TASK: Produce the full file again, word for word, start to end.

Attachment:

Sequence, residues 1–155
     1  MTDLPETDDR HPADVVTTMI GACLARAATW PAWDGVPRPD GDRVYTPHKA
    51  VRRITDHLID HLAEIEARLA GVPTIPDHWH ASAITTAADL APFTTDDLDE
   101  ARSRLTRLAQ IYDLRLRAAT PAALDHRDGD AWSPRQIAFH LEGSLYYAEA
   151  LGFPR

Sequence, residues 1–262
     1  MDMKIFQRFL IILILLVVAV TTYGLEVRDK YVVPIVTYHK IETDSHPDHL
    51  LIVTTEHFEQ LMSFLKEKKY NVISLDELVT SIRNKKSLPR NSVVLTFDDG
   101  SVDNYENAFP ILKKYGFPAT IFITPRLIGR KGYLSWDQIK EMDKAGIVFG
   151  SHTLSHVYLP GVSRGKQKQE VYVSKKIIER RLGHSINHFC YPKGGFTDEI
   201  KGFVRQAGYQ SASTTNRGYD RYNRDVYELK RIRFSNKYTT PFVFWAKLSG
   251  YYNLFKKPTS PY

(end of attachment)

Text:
Sequence, residues 1–155
     1  MTDLPETDDR HPADVVTTMI GACLARAATW PAWDGVPRPD GDRVYTPHKA
    51  VRRITDHLID HLAEIEARLA GVPTIPDHWH ASAITTAADL APFTTDDLDE
   101  ARSRLTRLAQ IYDLRLRAAT PAALDHRDGD AWSPRQIAFH LEGSLYYAEA
   151  LGFPR

Sequence, residues 1–262
     1  MDMKIFQRFL IILILLVVAV TTYGLEVRDK YVVPIVTYHK IETDSHPDHL
    51  LIVTTEHFEQ LMSFLKEKKY NVISLDELVT SIRNKKSLPR NSVVLTFDDG
   101  SVDNYENAFP ILKKYGFPAT IFITPRLIGR KGYLSWDQIK EMDKAGIVFG
   151  SHTLSHVYLP GVSRGKQKQE VYVSKKIIER RLGHSINHFC YPKGGFTDEI
   201  KGFVRQAGYQ SASTTNRGYD RYNRDVYELK RIRFSNKYTT PFVFWAKLSG
   251  YYNLFKKPTS PY